Negative effects

It isn’t understood if jackfruit is safe when taken as a medication. Jackfruit extract might cause drowsiness.

Unique Precautions & Warnings

Pregnancy and breast-feeding: Inadequate is known about making use of jackfruit during pregnancy and breast-feeding. Remain on the safe side and avoid use.

Allergy to birch pollen: Some people who are allergic to birch pollen may likewise dislike jackfruit. Individuals who are allergic to birch pollen needs to utilize jackfruit carefully.

Diabetes: Jackfruit might lower blood sugar levels. There is a concern that it may affect blood sugar level control in individuals with diabetes. The dose of diabetes medication may require to be changed.

Surgery: Jackfruit might cause too much drowsiness if combined with medications used throughout and after surgical treatment. Stop taking jackfruit a minimum of 2 weeks before a scheduled surgical treatment.


  • Medications for diabetes (Antidiabetes drugs) Interaction Ranking: Moderate Beware with this combination.Talk with your health company.
  • Jackfruit might reduce blood sugar. Diabetes medications are also utilized to lower blood glucose. Taking jackfruit with diabetes medications may trigger your blood sugar level to be too low. Monitor your blood glucose carefully. The dose of your diabetes medication may need to be changed.
  • Some medications used for diabetes consist of glimepiride (Amaryl), glyburide (DiaBeta, Glynase PresTab, Micronase), insulin, pioglitazone (Actos), rosiglitazone (Avandia), chlorpropamide (Diabinese), glipizide (Glucotrol), tolbutamide (Orinase), and others.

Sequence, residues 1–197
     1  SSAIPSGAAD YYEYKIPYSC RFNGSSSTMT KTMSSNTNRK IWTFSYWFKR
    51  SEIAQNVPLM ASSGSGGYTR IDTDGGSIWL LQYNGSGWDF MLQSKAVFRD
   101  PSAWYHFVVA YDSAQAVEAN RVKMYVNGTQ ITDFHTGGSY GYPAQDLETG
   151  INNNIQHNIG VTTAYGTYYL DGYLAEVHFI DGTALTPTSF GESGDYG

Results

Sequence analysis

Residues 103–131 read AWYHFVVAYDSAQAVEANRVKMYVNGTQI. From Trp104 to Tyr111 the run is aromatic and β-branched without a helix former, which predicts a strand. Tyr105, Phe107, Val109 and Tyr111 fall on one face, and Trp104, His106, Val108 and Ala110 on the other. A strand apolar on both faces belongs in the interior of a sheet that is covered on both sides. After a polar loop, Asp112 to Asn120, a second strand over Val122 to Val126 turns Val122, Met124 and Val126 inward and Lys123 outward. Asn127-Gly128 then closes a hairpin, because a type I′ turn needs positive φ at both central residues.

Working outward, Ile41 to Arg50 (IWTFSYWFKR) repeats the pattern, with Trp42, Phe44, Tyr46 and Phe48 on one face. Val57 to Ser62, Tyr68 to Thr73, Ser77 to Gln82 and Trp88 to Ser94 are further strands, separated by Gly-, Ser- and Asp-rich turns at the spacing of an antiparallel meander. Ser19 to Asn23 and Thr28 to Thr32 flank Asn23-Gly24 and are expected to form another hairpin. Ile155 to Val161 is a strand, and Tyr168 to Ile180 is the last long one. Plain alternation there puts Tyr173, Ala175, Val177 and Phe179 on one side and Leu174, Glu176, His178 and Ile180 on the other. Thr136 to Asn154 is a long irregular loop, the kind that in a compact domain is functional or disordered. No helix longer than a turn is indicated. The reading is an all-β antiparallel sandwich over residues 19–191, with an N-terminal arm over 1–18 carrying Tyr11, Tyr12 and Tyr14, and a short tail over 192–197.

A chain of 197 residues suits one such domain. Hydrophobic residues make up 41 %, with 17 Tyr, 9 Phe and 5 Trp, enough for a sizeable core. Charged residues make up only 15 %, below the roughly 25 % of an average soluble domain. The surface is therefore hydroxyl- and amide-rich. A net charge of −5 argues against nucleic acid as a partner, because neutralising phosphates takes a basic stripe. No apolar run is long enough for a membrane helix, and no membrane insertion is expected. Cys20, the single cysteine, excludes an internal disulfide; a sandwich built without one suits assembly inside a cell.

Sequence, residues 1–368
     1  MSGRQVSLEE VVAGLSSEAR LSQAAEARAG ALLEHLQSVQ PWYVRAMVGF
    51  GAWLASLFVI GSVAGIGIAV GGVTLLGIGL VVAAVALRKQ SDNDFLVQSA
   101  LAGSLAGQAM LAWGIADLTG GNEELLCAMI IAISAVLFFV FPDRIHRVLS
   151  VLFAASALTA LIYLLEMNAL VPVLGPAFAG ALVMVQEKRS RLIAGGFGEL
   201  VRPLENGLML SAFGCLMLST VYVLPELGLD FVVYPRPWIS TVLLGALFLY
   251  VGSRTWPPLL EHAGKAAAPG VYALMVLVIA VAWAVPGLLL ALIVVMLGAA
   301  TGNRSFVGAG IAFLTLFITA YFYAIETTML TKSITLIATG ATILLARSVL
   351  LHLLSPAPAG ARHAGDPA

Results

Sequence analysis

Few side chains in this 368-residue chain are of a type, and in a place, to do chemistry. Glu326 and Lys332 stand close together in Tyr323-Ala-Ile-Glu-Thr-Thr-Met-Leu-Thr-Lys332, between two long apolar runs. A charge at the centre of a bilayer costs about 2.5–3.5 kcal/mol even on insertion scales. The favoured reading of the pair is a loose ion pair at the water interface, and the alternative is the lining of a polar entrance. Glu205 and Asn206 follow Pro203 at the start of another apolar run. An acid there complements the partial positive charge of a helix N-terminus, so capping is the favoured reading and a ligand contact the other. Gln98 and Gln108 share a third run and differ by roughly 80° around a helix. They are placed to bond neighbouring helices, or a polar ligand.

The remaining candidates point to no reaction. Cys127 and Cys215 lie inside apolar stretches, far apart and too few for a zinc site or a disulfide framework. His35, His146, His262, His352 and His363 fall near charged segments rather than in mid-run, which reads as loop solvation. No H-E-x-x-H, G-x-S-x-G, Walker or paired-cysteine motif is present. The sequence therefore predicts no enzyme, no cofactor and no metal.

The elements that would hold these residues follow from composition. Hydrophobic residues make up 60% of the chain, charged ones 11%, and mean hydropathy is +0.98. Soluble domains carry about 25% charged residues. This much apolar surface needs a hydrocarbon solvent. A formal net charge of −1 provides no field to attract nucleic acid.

• Sedative medications (CNS depressants) Interaction Ranking: Moderate Beware with this combination.Talk with your health provider.
  • Jackfruit might trigger sleepiness and drowsiness. Medications that cause sleepiness are called sedatives. Taking jackfruit together with sedative medications might cause too much drowsiness.
  • Some sedative medications consist of clonazepam (Klonopin), lorazepam (Ativan), phenobarbital (Donnatal), zolpidem (Ambien), and others.


The proper dosage of jackfruit for usage as treatment depends upon numerous factors such as the user’s age, health, and a number of other conditions. At this time there is insufficient clinical details to figure out a proper range of dosages for jackfruit. Keep in mind that natural items are not always necessarily safe and does can be crucial. Make certain to follow pertinent directions on item labels and consult your pharmacist or physician or other healthcare professional prior to utilizing. [8]

Keep in mind: